With this knowledge I can become an Olympian!!
Wass ist das?
5.1 mixes? Any ideas?
…and, like everything else in the world these days, it’s on blimmin’ Parlophone!
Friend of mine messaged me yesterday to say he’d just seen of our mutual heroes, Bernard Butler, on the tube.
This seems subtly wrong to me. Brett Anderson is okay using the underground, certainly in his sickly mid-90s Death of Chatterton mode anyway, but the Bernster should be flying a matt-black helicopter to a secret compound in the mountains, not sharing a DLR with the great unwashed.
Any other instances of seeing famous people on the Clapham Omnibus, the last train to Auchenshuggle and the like?
Inspired by an exchange about Bragg on one of @markg ‘s threads recently and the even more recent “bad entry points” thread, what about some great songs that are magnificently atypical?
While the Billster’s vocal is unmistakable, the overall style and production of this track is unique in his canon as far as I can tell.
…and assume that you were trolling/taking the piss.
…of the “Never Let Me Down is Bowie’s best album” variety.
Here’s one of mine:
Much as I like the Pixies, none of their albums give me as much pleasure as Frank Black’s Teenager of the Year.
Think I’ll start with this…
To me it was a marginally above average British TV drama… slightly silly and implausible… Hugh Laurie as a cartoon capitalist villain… oh look there’s Tom Hollander and Olivia Colman yet again…. certainly not worth a second look – in fact the location filming basically made it seem like a hardback version of Death in Paradise. But ever since it was on, the BBC website have been referring to it as pretty much the greatest drama in the history of television. Whah?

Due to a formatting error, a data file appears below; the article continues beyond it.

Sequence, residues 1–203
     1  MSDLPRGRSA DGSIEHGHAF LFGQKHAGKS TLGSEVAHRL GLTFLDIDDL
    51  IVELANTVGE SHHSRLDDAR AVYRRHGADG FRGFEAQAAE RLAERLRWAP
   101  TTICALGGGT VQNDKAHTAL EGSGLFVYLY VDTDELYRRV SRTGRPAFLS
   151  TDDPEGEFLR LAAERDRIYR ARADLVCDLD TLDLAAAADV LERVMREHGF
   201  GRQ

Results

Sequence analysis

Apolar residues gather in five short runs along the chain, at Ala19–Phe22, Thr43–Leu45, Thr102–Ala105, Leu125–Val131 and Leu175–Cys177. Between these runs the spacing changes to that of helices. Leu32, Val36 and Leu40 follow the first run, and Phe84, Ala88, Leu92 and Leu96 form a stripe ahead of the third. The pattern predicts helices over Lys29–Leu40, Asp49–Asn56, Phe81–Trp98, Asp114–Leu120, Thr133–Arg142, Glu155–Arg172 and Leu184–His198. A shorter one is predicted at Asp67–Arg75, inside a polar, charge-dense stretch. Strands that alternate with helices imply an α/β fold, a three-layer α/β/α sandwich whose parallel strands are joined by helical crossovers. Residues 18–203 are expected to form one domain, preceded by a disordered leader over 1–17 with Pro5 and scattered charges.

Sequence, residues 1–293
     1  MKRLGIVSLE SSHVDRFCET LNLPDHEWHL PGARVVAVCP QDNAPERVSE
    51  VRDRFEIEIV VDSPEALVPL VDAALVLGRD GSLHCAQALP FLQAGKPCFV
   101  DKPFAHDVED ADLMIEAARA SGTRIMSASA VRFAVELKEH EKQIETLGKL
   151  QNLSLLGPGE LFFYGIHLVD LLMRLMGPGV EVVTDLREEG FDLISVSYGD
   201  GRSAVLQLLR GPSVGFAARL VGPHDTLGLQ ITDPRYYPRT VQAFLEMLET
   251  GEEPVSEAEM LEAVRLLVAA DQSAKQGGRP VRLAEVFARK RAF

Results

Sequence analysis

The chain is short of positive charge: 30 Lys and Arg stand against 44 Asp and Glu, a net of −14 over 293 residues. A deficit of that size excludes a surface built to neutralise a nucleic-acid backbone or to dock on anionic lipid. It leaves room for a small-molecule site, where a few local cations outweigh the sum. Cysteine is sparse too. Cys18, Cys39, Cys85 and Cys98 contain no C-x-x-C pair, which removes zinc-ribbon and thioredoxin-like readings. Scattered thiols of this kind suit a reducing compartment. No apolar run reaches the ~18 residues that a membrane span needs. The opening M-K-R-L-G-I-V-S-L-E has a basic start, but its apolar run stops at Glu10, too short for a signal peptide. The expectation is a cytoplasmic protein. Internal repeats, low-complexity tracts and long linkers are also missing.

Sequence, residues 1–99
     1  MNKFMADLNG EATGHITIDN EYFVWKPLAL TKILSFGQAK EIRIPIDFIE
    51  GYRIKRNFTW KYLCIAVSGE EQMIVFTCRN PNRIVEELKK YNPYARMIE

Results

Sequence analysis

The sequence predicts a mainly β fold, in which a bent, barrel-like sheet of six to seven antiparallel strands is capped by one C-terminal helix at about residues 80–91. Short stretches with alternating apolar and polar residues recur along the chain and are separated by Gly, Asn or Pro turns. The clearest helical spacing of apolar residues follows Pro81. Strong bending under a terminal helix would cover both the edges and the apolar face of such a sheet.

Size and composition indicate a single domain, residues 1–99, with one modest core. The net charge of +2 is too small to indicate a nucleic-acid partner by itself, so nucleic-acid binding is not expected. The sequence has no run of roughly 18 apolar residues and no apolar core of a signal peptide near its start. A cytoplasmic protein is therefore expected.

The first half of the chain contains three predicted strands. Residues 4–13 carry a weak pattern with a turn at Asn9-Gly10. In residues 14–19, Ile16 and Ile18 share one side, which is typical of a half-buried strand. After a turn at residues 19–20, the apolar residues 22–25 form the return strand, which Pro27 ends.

Culminating in this utterly bizarre item on the BBC News website which lays all editorial balance aside to claim that Bafta’s nominations are “baffling” in excluding TNM. “Look! Tom Hiddleston! Hugh Laurie!! People have heard of these actors in America!!“
The assumption that this is based on, ie that British TV – particularly BBC Drama involving posh actors – is the greatest in the world, is twenty years out of date. It’s as out of touch as BBC1’s insistence that Gary Baaaalow is regarded as a national treasure – another meeting I certainly missed.
I know the BBC has to big itself up in these harsh times, but equally sometimes they need to come out of their silo » Continue Reading.
Girl uses a playlist to dump her boyfriend. In my day you did mixtapes at the start of a relationship (or something you hoped would become one)
Given that one of the songs is by Ed Sheeran, I think he’s had a narrow escape.
Now that the dust has settled, I’m in the market for some highlights from the Zimster’s monster Live 1966 set. I have absolutely no intention of trawling through the whole lot so would ideally like to hear about one to two hours of what’s worth hearing more than once, bearing in mind that I already have the Free Trade Hall set.
Also, I would like someone to do my job for me tomorrow while I stay in bed.
And the moon on a stick would be nice, if it’s not too much trouble.
So over in Nigeria, the great King Sunny Ade has been appointed Change Begins With Me Ambassador by the government. Intriguingly this is partly because “has reigned in the music industry for over 50 years without blemish”. I suspect “blemish” doesn’t mean “ill-advised bluegrass album” in Nigeria. I’ll leave it at that, though.